If you have been following this blog for a while, you know it’s no big secret that we are huge fans of Mount Rainier National Park. This gem of the Pacific Northwest captured our hearts back in 2014 when we backpacked the 93-mile Wonderland Trail around the entire mountain. We loved our experience in Mount Rainier so much we even wrote a book about it! So, when we drove out to California to hike the John Muir Trail last summer, we couldn’t leave the West coast without making our way up to Washington state to get a little fix of “The Mountain.”
While the Wonderland Trail is definitely the quintessential way to see Mount Rainier, there are a few alternate trails in the park that offer some equally stunning backcountry experiences with even fewer people. The most popular of these is the Northern Loop, a 15-mile trail in the northeastern corner of the park that can be combined with sections of the Wonderland Trail to create a nice 35-mile loop. Sounds perfect!
Of course, we started thinking why stop there? While we were at it, why not pick up the Ipsut Pass section of the WT that we skipped in 2014 when we took the Spray Park alternate route through the northwest section of the park. And then we realized that if we put those four sections of trail together, we would fashion a nice figure 8-shaped loop that would get us back to our starting point at Sunrise. The whole thing would be just under 50 miles and would allow us to see two new sections of the park while also allowing us to return to some of our favorite spots on the Wonderland Trail. Win, win!
A wilderness permit is required to stay in designated campsites found along the backcountry trails of Mount Rainier. The only trouble with our plan was that, once again, we were unsuccessful in securing an advance permit (this time due to an epic power failure during the advance permit application window that led the park service to only issue walk-up permits for the 2016 season).
Back in 2014, we were successful with getting a walk-up permit, so we decided to take our chances once again and head into the park with no guarantee of getting a golden ticket for the backcountry. Worse case scenario, we would strike out and end up in the Pacific Northwest with lots of time on our hands to explore other beautiful locales. Things could be worse, no?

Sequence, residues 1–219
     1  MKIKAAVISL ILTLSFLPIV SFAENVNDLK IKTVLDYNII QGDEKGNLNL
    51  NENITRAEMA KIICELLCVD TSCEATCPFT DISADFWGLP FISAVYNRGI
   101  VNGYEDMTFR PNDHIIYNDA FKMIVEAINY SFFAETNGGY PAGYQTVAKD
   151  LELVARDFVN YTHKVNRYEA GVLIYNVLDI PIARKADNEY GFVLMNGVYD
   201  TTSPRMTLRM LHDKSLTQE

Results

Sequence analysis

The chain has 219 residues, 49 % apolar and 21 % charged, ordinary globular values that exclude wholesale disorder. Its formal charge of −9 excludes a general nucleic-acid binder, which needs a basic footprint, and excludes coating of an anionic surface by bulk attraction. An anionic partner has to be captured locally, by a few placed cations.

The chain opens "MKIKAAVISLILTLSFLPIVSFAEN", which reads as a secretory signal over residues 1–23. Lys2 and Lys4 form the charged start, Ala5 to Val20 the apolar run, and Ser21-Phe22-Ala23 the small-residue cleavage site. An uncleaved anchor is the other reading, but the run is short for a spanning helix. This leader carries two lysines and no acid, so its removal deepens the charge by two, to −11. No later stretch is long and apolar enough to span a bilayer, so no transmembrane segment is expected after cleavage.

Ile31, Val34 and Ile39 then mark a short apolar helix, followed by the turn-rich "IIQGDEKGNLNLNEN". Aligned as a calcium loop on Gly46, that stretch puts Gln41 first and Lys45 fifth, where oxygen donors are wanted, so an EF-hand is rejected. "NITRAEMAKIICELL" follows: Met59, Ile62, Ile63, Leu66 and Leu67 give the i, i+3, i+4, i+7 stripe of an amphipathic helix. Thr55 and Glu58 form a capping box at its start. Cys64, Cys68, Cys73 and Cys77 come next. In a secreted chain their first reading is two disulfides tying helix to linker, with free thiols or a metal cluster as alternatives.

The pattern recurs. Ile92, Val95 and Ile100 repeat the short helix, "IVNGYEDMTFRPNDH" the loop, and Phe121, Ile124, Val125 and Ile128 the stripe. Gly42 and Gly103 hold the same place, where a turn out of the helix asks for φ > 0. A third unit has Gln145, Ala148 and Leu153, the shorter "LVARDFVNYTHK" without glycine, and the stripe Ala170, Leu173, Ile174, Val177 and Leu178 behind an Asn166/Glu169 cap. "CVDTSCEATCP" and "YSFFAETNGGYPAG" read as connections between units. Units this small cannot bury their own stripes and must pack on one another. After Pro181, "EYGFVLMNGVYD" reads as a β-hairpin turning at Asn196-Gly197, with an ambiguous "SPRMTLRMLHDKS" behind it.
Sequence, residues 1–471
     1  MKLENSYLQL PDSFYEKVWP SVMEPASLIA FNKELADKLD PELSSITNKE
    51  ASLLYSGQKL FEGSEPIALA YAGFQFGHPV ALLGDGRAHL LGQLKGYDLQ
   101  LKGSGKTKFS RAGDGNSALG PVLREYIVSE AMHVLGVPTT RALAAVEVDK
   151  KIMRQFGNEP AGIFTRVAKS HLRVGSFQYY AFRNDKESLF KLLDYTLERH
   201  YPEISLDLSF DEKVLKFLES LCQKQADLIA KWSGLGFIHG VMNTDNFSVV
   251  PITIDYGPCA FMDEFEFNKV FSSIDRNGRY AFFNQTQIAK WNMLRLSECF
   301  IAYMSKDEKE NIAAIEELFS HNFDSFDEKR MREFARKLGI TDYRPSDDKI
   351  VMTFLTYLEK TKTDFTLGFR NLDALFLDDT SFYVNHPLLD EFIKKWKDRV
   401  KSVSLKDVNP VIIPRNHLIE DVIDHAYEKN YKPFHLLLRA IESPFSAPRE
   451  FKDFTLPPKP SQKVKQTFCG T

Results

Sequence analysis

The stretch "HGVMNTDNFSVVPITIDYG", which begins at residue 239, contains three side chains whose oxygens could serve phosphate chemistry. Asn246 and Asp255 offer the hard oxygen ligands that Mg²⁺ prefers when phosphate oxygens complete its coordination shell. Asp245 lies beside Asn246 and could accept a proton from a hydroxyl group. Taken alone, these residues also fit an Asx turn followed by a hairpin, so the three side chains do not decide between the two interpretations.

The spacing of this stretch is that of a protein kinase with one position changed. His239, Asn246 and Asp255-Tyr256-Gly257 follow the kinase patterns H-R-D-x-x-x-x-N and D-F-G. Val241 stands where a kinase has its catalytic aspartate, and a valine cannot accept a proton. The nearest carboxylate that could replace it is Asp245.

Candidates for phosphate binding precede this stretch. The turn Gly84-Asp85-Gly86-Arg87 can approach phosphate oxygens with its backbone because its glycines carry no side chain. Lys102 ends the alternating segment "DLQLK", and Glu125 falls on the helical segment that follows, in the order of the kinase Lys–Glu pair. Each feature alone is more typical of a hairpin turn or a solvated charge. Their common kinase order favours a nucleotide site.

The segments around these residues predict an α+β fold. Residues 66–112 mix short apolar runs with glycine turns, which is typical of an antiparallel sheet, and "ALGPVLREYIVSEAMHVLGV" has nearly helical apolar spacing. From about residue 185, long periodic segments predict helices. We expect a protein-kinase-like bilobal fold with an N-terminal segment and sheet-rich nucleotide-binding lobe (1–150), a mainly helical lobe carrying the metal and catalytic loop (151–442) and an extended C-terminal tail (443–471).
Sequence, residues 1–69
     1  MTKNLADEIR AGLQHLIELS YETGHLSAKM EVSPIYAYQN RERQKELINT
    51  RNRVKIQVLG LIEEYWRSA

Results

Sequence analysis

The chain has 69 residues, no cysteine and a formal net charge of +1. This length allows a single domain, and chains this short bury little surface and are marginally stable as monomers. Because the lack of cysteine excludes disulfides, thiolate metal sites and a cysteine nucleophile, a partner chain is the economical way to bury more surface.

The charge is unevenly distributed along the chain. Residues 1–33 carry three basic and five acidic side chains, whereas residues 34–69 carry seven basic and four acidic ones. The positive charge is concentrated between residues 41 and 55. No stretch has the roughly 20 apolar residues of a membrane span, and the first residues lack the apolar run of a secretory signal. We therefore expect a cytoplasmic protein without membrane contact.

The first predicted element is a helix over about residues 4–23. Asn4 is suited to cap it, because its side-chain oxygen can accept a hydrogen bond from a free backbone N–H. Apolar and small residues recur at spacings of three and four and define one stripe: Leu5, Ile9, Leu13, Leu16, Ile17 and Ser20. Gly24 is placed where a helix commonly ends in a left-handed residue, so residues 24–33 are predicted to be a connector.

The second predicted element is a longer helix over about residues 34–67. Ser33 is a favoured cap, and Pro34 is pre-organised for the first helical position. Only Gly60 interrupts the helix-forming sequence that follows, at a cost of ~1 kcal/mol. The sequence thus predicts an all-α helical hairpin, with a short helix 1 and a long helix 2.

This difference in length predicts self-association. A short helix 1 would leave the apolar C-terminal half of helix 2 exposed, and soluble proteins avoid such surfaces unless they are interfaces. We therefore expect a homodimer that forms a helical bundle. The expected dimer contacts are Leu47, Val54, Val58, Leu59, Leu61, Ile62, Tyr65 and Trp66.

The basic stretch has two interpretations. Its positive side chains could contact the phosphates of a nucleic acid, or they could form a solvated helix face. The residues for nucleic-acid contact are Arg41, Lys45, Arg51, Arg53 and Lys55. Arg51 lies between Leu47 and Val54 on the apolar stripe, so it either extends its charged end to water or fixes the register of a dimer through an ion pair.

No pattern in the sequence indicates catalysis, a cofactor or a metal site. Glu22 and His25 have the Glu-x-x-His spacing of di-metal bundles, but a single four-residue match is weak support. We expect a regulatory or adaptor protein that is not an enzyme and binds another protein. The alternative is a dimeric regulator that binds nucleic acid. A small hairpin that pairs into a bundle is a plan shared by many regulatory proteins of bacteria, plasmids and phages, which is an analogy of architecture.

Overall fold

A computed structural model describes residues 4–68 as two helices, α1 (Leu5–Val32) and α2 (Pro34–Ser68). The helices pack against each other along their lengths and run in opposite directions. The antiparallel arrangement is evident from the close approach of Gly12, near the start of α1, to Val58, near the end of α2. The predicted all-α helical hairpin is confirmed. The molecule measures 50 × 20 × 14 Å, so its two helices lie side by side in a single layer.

Word on the trail is that trying to get a walk-up permit on a Monday or Tuesday improves your chances of success by avoiding the busy summer weekend rush. Knowing this, we timed our arrival in the park for a Sunday afternoon, planning on being in line at the Wilderness Information Center (WIC) at Longmire first thing Monday morning. We drove into the park around 3 in the afternoon, and, since the WIC was still open at that time, we decided to pop in and see if anything happened to be available to start hiking on Monday. And wouldn’t you know we were able to get the exact itinerary that we wanted for a second time in a row!
This trip was intended as a cool down hike for us after 270 miles of backpacking on the John Muir Trail, so we decided to take it really easy and do our Northside Figure 8 loop in a leisurely 6 days. This included a short start of only 3.6 miles to our first camp at Berkeley Park, an area of the park known for its abundant wildflowers. This would allow us to hike some of the trails at Paradise in the southern portion of the park in the morning before making the long drive up to Sunrise and starting our trip.
With our permit in hand to hit the trail the next day, we headed to Cougar Rock Campground and were lucky to get a front-country campsite where we camped for the night and repacked all of our gear for yet another fantastic excursion in the backcountry. Oh, man, do we love it when a plan comes together! Our next series of posts will be a trip report on our return visit to the amazing backcountry trails of Mount Rainier along the Northside Figure 8. We hope you enjoy it. Happy trails!